DBPed, developmental and behavioral pediatrician; HIE, hypoxic ischemic encephalopathy; NCH, Nationwide Children’s Hospital; KKI, Kennedy Krieger Institute; LPA, licensed psychological associate; LSW, licensed social worker; MBA, master of business administration; OT, occupational therapist; PMR, physical medicine and rehabilitation; PT, physical therapist; RD, registered dietician; RN, registered nurse; SLP, speech language pathologist; UCLA, University of California, Los Angeles; UT-Houston, The University of Texas Health Science Center at Houston.

During the planning phase, organizational infrastructure was developed, with a lead site that had previously implemented the guidelines. Local coordinators and a central project manager were identified, and a commitment to the project from teams and leadership at all institutions was demonstrated. A targeted framework for a strengths, weaknesses, opportunities, and threats (SWOT) analysis (Supplemental Fig 4) allowed critical examination of basic resource needs. A general suppliers, inputs, process, outputs, and customers (SIPOC) chart (Fig 1) with key intervention elements (Supplemental Table 5) was developed at the lead site, where close examination of process flow waste and value added to patients and teams was conducted. An education bundle and strategic infrastructure plan were agreed on between the foundation and the lead site, where a central institutional review board (IRB) was approved. A Research Electronic Data Capture (REDCap) database was designed to allow Web-based input of a basic data set and questionnaires, including a repository for deidentified GMA videos for clinical reading purposes only.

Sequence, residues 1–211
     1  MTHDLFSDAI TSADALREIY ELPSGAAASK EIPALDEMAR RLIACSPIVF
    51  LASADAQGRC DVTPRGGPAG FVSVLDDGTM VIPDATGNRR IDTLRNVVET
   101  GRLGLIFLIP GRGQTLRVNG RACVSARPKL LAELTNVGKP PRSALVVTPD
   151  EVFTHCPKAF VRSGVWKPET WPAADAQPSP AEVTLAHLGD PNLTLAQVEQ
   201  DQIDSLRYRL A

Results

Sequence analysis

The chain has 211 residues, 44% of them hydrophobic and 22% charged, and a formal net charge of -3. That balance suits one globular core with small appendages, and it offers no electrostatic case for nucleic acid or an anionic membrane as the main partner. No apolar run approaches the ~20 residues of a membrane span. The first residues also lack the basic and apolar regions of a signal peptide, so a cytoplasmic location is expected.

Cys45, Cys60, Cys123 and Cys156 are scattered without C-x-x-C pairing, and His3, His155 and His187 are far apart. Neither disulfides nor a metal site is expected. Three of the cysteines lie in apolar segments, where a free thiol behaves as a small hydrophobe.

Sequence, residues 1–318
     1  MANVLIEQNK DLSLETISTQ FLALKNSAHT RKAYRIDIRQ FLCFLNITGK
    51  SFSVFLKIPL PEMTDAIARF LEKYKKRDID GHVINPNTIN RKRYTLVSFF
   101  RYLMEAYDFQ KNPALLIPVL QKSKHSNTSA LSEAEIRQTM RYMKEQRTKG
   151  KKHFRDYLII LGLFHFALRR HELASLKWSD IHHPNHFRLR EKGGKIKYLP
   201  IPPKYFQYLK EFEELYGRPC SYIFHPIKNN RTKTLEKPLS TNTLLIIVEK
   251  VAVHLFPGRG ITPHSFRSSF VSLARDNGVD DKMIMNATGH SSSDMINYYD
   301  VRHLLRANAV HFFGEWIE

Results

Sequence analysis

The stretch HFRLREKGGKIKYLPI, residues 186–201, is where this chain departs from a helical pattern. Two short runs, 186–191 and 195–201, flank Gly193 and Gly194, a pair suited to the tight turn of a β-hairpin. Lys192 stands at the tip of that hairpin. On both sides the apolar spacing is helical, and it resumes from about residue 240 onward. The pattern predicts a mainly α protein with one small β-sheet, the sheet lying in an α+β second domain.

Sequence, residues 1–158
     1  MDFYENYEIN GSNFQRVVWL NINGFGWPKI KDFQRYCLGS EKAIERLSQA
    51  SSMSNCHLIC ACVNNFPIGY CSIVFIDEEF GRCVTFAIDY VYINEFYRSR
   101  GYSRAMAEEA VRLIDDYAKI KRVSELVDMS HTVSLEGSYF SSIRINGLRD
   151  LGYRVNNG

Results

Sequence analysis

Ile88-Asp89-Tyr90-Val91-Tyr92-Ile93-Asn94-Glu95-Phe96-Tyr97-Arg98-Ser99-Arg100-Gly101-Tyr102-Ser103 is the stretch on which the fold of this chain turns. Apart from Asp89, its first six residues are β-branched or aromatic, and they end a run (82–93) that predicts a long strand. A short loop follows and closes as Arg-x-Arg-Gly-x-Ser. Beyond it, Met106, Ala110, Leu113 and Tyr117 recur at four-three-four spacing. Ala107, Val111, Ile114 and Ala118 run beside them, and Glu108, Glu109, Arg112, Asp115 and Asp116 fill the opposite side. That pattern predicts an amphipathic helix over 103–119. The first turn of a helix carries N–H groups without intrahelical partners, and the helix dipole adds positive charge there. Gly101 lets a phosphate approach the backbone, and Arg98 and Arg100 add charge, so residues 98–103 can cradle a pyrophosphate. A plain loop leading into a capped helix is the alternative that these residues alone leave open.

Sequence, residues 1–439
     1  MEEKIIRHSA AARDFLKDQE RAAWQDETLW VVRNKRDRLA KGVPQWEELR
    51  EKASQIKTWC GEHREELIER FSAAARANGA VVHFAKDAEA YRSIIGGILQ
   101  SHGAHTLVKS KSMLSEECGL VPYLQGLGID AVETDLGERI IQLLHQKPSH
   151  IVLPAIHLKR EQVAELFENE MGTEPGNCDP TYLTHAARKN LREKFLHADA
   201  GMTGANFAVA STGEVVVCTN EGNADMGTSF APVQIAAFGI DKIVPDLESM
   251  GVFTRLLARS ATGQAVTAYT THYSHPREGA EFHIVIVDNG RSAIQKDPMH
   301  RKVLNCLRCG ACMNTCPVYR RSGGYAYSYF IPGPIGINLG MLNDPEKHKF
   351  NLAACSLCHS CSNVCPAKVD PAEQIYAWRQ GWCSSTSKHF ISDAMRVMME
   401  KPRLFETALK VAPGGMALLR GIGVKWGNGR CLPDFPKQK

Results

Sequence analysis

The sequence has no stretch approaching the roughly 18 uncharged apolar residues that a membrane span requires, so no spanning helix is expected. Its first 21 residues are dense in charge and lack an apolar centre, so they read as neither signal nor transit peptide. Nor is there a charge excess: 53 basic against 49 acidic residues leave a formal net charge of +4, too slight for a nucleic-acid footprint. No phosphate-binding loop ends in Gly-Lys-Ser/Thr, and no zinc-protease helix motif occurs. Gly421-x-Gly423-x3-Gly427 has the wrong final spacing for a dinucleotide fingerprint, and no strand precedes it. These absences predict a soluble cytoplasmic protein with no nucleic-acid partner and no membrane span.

FIGURE 1